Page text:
Dr. Caroline Webb is a behavioral economist that wrote the book How to Have a Good Day.
In it, she documents the ways she’s helped private clients and CEOs to better their overall experience in life, take the reins and make things happen on their terms.
Things like taking a walk when you’re stuck on a decision or on a project.
Setting an intention about your controllable self as you walk to a meeting.
Or scheduling time at the end of the week to write down what you accomplished.
This retroactive documentation can disrupt negative thought patterns and inner criticism. Even if it’s possible that you didn’t get everything on your to-do list done, you certainly did something, and there’s value in what happened.
You’ll also get a perceptive glance at what is important to you.
One of the simplest ways to journal is to use a nighttime ritual to document your day. Meaning, you end up writing down the things you find worth remembering. The pause it takes to reflect at all can slow down time.
In my friend Dan’s journaling course a few years ago, and he’s one of the most valiant and perceptive people I’m aware of period, he asked us to skim back over our writing and put a few summary words or notes at the top of the page when we were done with an entry. Skimming those notes could be useful when trying to touch base with yourself, or to do an end-of-the-week checkin on what the hell happened. Boom. Self-awareness skyrocketing.
I say ritual because I want something pleasurable in the writing for you. A deep few moments to check-in and make sure you’re ok. You’re always ok. A moment to slow down as you get ready for bed, perhaps signaling to your body and mind that it is time to begin the process of sleep. Something to replace the fact that you stay up later after the sun goes down than your ancestors.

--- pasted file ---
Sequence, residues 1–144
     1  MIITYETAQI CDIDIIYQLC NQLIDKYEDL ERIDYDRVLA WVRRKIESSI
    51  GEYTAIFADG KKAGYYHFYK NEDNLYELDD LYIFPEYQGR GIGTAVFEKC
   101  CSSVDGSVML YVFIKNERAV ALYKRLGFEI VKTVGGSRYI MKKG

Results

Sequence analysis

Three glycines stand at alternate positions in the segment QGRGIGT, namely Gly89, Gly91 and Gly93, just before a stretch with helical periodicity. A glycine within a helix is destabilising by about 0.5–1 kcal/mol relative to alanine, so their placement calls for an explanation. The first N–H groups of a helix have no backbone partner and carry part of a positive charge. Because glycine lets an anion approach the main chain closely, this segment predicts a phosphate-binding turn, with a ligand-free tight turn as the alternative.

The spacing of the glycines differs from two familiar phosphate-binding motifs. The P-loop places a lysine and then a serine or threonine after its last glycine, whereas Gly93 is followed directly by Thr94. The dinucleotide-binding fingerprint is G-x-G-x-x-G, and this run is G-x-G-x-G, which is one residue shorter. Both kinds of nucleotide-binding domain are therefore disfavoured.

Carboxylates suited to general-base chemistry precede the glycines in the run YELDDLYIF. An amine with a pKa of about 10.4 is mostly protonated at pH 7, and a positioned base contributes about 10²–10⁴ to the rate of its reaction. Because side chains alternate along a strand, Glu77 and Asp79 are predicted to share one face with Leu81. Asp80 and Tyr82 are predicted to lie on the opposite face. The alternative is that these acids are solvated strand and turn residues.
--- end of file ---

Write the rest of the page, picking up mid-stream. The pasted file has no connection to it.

Practically, this can calm racing thoughts by getting them on paper, and by organizing the kinds of things you wish to do the following day. Another self-reflective friend of mine, Peter, used this nighttime journal planning to come to agreements with himself that all of him was ok with. Workout tomorrow for 90 minutes? Eh, I feel a tug away from that. 45? 40? Let’s go.
Ryan Holiday recommends doing a pre-mortem for yourself from time to time, evaluating and reflecting on yourself before you die. Applied to work projects this sort of thought can jar come-to-Jesus moments out of a team, who, when asked to imagine that the project has failed before it even launches and to come up with the reasons why, might just admit that they saw some cracks forming they’d been loathe to admit before. Ideally this galvanizes the team to greater depths of honesty, integrity, and rigor.
Overall, journaling and writing becomes a conversation with yourself. You can ask questions and then answer them. You can get better at asking yourself questions. It can confront you with the way you talk to yourself. And it is a place to allow yourself to give credit to you, and all the things you’ve accomplished up to now.
For very forward-thinking people, listing out what you’ve done is a recalibration to slowness for a few private moments a day/a week.
For people who need a jump start, listing what you’ve done can create accountability and insight into your own behavior.
But mostly, it’s letting yourself win a little.
And that focus on reality – what’s actually happening – and focus on what’s working – what you like that’s happened already – helps to grow the things you want to happen by the simple act of paying them attention. Most of us focus too much on fixing problems which keeps us oriented toward finding problems and flattens our energy. If you want motivation, start giving credit to what you’ve done.